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JTC nudging SMEs towards increased productivity
[SINGAPORE] The new breed of industrial buildings rolled out by JTC Corporation may well give small and medium-sized enterprises (SMEs) - used to doing everything themselves - cause to think about how to run their businesses.
"If you look at MNCs, they tend to specialise and outsource things that are non-core. But this may not be the case for our SMEs," says JTC CEO Png Cheong Boon.
"For example, a food manufacturer tends to have its own delivery trucks and warehouse. Therefore, it ends up having to provide services such as delivery and warehousing on top of its core manufacturing and it doesn't enjoy the economies of scale that come along with outsourcing such services to a specialised operator.
"We encourage companies operating in our space to redesign their processes and consider outsourcing. In that sense, we are trying to use our innovative spaces to support and in some ways accelerate the transformation of our industries."
The future JTC Food Hub in Senoko, for instance, will feature shared integrated cold-room warehouse facilities operated by a third-party logistics service provider, who will in turn offer a full suite of logistics services to tenants.
This is a challenge for business owners in that they have to relook existing assets or employees, and it requires them to review their business models, acknowledges Mr Png.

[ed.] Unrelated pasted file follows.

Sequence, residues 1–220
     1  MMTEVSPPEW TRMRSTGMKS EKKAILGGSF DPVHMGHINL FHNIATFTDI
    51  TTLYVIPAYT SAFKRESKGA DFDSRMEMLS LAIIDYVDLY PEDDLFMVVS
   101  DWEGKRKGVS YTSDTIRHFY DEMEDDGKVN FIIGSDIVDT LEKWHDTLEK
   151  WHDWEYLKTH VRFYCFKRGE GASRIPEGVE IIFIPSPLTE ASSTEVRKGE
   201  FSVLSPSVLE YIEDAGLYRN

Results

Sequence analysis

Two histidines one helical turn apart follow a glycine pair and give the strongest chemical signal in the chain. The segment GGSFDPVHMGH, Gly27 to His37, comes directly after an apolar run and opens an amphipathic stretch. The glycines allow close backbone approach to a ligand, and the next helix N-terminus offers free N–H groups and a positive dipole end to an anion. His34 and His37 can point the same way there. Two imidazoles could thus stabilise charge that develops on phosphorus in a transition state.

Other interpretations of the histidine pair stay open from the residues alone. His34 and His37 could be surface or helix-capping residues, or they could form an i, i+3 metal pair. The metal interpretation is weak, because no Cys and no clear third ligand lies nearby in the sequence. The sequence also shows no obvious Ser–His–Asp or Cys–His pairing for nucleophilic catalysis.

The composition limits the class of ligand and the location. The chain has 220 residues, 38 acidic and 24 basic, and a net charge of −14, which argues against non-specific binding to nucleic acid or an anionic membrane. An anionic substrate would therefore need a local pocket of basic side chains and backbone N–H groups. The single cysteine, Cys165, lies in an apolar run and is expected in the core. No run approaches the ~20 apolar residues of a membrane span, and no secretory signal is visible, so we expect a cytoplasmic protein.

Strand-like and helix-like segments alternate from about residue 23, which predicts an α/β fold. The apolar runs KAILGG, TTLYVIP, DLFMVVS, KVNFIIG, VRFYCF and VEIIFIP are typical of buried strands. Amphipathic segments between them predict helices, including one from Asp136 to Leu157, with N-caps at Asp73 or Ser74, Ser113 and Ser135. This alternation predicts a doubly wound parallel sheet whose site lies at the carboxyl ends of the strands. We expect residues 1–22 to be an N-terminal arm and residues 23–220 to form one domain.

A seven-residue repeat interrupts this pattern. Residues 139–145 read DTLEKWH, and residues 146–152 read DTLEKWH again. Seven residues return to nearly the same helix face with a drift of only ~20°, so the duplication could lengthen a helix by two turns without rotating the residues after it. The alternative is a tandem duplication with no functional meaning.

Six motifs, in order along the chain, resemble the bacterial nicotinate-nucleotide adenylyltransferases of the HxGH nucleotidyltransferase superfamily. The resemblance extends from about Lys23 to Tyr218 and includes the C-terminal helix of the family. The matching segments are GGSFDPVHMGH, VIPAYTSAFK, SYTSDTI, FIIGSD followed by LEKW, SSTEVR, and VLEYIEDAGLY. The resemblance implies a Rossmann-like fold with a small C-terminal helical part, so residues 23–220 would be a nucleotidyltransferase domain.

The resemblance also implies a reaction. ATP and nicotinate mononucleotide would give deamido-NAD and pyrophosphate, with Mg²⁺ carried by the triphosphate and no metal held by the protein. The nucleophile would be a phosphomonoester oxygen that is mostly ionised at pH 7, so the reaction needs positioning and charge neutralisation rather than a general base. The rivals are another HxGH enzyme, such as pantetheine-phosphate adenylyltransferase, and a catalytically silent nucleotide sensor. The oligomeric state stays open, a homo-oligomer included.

"Our sense is that when companies looking for more space are faced with this kind of growth opportunity, and resources are tight, they tend to be more open to figuring new things out," he said.
The Food Hub (due to be completed by 2017) is not the first of the innovative spaces to be rolled out by JTC, which has in recent years stepped up the development of its built facilities.
The high-rise multi-tenanted Surface Engineering Hub in Tanjong Kling, for instance, clusters companies to generate economies of scale, synergies and partnership opportunities between the companies. In addition, the firms are able to leverage the centralised wastewater treatment plant, which helps reduce operating costs over time.
"JTC no longer builds 'plain vanilla factories' as this is a segment well served by private developers. Instead, we are stepping up efforts to plug the market gap by building the next-generation industrial facilities with innovative and productivity-enabling features - which the private sector may not be able to provide," said Mr Png.
As part of JTC' s plans to roll out 16 innovative spaces, the agency is also looking at ways to transform and upgrade the furniture and furniture-related industry, as well as concepts on the drawing board that include plans for a poultry processing plant, a chemicals hub and, in the longer term, a multi-user shipyard.
In the meantime, JTC is also stepping up its engagement and discussions with various trade associations.
"Now, we are working more with trade and industry associations to see what are their issues on the ground, what are their land and space needs, and whether there is something JTC can do to help or facilitate," said Mr Png.
"And because associations are more aware of what we are doing and what we can do, they are also a lot more forthcoming in sharing their requirements with us."